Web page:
A Australian films and Australian-born directors had a high profile at this year’s convention, with local films Moulin Rouge and The Dish applauded for earning over A$10 million. At the “Australia On Show” opening night, Eric Bana (Chopper) won Australian star of the year–he said thank you from the set of The Nugget via video–and Phillip Noyce was honored for filmmaking excellence. The Reading Cinema in the Perth suburb of Belmont won the Kodak Marketing Award for Australian films, for its campaign for Moulin Rouge. The night also saw exhibitors Jim Sourris, from AMC Cinemas, and Ken Kirkley receive life membership in the Motion Picture Exhibitors Association of Queensland, which stages the annual event. Noyce spoke extensively about Rabbit-Proof Fence, the first film he has made on Australian soil for over a decade. It is based on the true story of three part-Aboriginal girls, aged eight to 14 years, who were forcibly removed from their families in the 1930s to be trained as domestic servants, then pursued 2,000 kilometers after their escape. These women are part of the so-called “stolen generation,” one of many facets of the black/white relations issues that will not go away in Australia. There is a perception that films with indigenous themes don’t work for audiences and Noyce cleverly invited exhibitors to help him prove otherwise. REP and Ocean Pictures jointly release the film in February 2002.

On the final night, Geoffrey Rush was crowned this year’s international star of the year and Bryan Brown was presented with a lifetime achievement award, giving him a chance to heavily promote Dirty Deeds, which he is currently producing and starring in. Producer Ben Gannon spoke to delegates about a third unfinished Australian film, The Man Who Sued God, during BVI’s presentation. The comedy stars Judy Davis and Billy Connolly, who plays a character immensely frustrated when his insurance company refuses to replace his boat after a bolt of lightning hits it. The title says the rest. Producer David Hannay also said a few words about the children’s film Hildegarde.

Arts Minister Peter McGauran drew applause at the convention for what he called a “clear and unequivocal” confirmation that Australia would not be lifting the parallel importation restrictions on films, as it has over the last three years on books, CDs, business software and computer games. This means it will remain illegal to import videos and DVDs before a film has screened theatrically. These laws were not retained in New Zealand (see “Around the Globe” in this issue), to the detriment of the industry. Shadow Arts Minister Bob McMullan, speaking during the same seminar, said that while he did not doubt McGauran’s sincerity, the issue was at “serious risk” of being revisited because the Australian Competition and Consumer Commission (ACCC) was “obsessed” about it. Indeed, Commissioner Ross Jones told delegates 24 hours earlier that the ACCC wanted restrictions lifted.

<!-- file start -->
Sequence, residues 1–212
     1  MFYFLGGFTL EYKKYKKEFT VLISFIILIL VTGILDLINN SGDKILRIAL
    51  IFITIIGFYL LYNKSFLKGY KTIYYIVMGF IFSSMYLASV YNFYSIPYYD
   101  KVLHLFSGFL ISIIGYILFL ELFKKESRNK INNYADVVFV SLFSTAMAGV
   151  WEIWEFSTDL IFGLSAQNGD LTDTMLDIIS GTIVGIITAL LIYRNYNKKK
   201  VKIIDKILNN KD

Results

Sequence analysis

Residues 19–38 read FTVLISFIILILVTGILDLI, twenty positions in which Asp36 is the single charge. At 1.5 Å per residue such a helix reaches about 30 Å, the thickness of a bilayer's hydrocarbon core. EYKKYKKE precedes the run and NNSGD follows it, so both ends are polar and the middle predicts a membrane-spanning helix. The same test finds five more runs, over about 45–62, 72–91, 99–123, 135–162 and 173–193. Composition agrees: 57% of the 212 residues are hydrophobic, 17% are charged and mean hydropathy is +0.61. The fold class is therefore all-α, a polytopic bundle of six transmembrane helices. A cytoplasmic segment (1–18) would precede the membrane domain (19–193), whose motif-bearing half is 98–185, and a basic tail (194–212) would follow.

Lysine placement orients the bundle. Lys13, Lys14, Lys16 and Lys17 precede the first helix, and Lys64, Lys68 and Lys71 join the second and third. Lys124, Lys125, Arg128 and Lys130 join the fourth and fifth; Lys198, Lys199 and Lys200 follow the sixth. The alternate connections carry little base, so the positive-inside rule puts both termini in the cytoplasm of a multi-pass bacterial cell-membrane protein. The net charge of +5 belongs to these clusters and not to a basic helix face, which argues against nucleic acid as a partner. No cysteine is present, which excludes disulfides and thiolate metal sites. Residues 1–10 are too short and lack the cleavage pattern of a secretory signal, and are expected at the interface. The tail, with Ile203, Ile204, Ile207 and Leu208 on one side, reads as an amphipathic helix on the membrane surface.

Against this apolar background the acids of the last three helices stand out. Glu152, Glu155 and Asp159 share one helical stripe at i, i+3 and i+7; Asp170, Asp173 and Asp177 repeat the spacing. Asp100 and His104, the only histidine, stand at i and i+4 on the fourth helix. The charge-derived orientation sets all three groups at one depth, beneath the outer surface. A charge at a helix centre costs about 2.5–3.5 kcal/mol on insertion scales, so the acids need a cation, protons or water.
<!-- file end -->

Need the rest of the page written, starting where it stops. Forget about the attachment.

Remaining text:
Seminars were also held on digital cinema, classification guidelines for films and the current review of the voluntary code of conduct, which is now three years old and has 220 signatories.

I con Distribution held an official launch of its arrival in Australia. Local chief executive Mark Gooder treated about 50 exhibitors and media members to 10 minutes of footage from the first four weeks of the shoot of the Icon/Wheelhouse production We Were Soldiers. A video message was sent from its star, Icon co-owner Mel Gibson, while his business partner Bruce Davey was there in person. Gooder emphasized that Icon would be delivering quality over quantity, from blockbusters to a few specialized releases, and no more than 15 films per year. “As exhibitors, I expect you are asking yourself, ‘Will Icon make any money for me?'” he said. “I bloody hope so.” Acquired to date for Australia are Company Man and The Assumption. The other distribution newcomer is Hoyts, which recently confirmed it will be re-entering the business next year with both international and local film product. The head of the new division is Robert Slaviero, previously of 20th Century Fox Film Distributors. What part Hoyts would play in th e release of the film product of the Nine Network has been much discussed since Australia’s highest-rating broadcaster announced it was moving into film production last November. The companies have ownership links. Hoyts handled several huge hits during the 1980s, including the first two “Crocodile” Dundee films, Dances With Wolves and The Man From Snowy River, but has not been involved in this side of the business for some time. Hoyts Cinemas has 352 Australian screens at 43 sites and is headed by Paul Johnson. It has extensive cinema interests in North and South America.